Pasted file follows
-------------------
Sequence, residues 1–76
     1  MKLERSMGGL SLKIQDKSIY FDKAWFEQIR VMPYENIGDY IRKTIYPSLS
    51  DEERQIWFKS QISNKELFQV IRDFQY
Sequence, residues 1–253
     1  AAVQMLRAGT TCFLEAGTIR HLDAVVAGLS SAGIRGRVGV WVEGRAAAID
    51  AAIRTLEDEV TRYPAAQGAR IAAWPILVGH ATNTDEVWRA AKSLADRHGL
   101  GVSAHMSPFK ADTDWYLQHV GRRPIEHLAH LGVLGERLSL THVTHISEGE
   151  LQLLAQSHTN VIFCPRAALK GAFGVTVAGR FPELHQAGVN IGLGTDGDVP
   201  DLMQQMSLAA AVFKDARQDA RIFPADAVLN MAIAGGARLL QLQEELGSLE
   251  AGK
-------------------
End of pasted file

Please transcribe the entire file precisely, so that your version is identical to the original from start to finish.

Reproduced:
Sequence, residues 1–76
     1  MKLERSMGGL SLKIQDKSIY FDKAWFEQIR VMPYENIGDY IRKTIYPSLS
    51  DEERQIWFKS QISNKELFQV IRDFQY
Sequence, residues 1–253
     1  AAVQMLRAGT TCFLEAGTIR HLDAVVAGLS SAGIRGRVGV WVEGRAAAID
    51  AAIRTLEDEV TRYPAAQGAR IAAWPILVGH ATNTDEVWRA AKSLADRHGL
   101  GVSAHMSPFK ADTDWYLQHV GRRPIEHLAH LGVLGERLSL THVTHISEGE
   151  LQLLAQSHTN VIFCPRAALK GAFGVTVAGR FPELHQAGVN IGLGTDGDVP
   201  DLMQQMSLAA AVFKDARQDA RIFPADAVLN MAIAGGARLL QLQEELGSLE
   251  AGK